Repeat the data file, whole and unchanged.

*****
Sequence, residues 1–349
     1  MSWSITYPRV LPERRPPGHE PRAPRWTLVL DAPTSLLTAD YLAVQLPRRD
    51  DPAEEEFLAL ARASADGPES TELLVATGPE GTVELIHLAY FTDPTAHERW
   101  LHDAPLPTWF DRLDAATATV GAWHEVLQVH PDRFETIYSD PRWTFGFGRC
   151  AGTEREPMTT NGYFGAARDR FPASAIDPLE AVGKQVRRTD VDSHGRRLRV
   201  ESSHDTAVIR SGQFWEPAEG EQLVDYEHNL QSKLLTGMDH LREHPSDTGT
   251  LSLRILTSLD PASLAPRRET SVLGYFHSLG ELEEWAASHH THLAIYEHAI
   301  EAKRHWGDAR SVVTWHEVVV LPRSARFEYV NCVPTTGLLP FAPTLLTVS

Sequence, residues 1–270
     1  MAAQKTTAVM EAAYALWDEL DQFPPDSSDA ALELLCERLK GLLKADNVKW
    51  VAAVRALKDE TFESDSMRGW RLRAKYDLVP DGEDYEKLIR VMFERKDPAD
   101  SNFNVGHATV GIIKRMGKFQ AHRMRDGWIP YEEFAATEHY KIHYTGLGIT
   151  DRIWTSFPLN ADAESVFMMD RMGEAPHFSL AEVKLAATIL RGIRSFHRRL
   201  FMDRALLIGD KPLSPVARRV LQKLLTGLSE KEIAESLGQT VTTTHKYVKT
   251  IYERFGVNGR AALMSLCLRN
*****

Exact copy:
Sequence, residues 1–349
     1  MSWSITYPRV LPERRPPGHE PRAPRWTLVL DAPTSLLTAD YLAVQLPRRD
    51  DPAEEEFLAL ARASADGPES TELLVATGPE GTVELIHLAY FTDPTAHERW
   101  LHDAPLPTWF DRLDAATATV GAWHEVLQVH PDRFETIYSD PRWTFGFGRC
   151  AGTEREPMTT NGYFGAARDR FPASAIDPLE AVGKQVRRTD VDSHGRRLRV
   201  ESSHDTAVIR SGQFWEPAEG EQLVDYEHNL QSKLLTGMDH LREHPSDTGT
   251  LSLRILTSLD PASLAPRRET SVLGYFHSLG ELEEWAASHH THLAIYEHAI
   301  EAKRHWGDAR SVVTWHEVVV LPRSARFEYV NCVPTTGLLP FAPTLLTVS

Sequence, residues 1–270
     1  MAAQKTTAVM EAAYALWDEL DQFPPDSSDA ALELLCERLK GLLKADNVKW
    51  VAAVRALKDE TFESDSMRGW RLRAKYDLVP DGEDYEKLIR VMFERKDPAD
   101  SNFNVGHATV GIIKRMGKFQ AHRMRDGWIP YEEFAATEHY KIHYTGLGIT
   151  DRIWTSFPLN ADAESVFMMD RMGEAPHFSL AEVKLAATIL RGIRSFHRRL
   201  FMDRALLIGD KPLSPVARRV LQKLLTGLSE KEIAESLGQT VTTTHKYVKT
   251  IYERFGVNGR AALMSLCLRN